The central part of the country is under the gun for severe weather once again. Residents in the Ohio and Mississippi Valleys should brace themselves for two systems that are bearing down upon the area.
Parts of southeast Missouri, southern Illinois, northern and central Arkansas, southern and central Indiana and smaller portions of eastern Oklahoma and western Ohio are under moderate risk of severe thunderstorms Tuesday and into Wednesday. The risk will decrease as it moves east and southward on Wednesday.
This storm system comes on the heels of a deadly three-day storm rampage that spawned more than 200 tornadoes and more than 40 fatalities across 14 states. According to the National Weather Service's Storm Prediction Center, Tuesday's storm could bring damaging winds, tornadoes and hail.
Friday will bring another round of severe weather to the same area. AccuWeather.com forecasters report that tornadoes are definitely a possibility for both of these storms but the winds associated with these storms may not have the rotation that creates tornadoes. Instead, the worst danger may lie in straight-line winds which can cause extreme damage with little warning.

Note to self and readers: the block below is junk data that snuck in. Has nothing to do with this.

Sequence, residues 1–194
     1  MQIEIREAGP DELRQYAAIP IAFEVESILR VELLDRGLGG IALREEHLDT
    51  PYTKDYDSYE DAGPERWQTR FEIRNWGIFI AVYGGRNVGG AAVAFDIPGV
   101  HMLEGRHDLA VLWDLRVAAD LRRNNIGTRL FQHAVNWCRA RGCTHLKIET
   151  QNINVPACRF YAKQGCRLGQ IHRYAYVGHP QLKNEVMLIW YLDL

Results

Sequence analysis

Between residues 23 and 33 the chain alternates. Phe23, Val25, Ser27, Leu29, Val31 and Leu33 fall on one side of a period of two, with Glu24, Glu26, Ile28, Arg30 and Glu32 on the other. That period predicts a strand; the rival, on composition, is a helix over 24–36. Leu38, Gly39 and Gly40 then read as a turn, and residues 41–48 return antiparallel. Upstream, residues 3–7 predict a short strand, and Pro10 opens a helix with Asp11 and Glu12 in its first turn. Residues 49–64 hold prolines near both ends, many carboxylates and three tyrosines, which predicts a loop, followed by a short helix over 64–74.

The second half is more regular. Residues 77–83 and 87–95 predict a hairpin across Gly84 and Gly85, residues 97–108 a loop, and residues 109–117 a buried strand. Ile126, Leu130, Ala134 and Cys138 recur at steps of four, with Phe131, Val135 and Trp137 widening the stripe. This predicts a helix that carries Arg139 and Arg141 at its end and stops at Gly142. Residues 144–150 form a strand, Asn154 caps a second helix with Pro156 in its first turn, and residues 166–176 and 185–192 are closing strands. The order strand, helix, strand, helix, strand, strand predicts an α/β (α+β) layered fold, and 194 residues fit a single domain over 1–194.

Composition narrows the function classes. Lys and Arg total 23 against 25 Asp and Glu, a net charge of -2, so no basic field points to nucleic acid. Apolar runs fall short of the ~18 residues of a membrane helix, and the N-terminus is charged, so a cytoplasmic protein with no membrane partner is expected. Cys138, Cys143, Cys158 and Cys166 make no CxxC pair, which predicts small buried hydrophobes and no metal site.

The southern Illinois region experienced a straight line wind event known as a derecho in May 2009 and can attest to the damaging power of such weather. This particular severe weather event caused extensive damage over a wide, multi-county area. Homes and businesses were without power for several days. A large number of trees were overturned, power lines were snapped, homes and businesses were damaged and the region was basically shut down for several days.
Hopefully these next round of storms won't produce any serious damage but it is better to be prepared and have a plan just in case.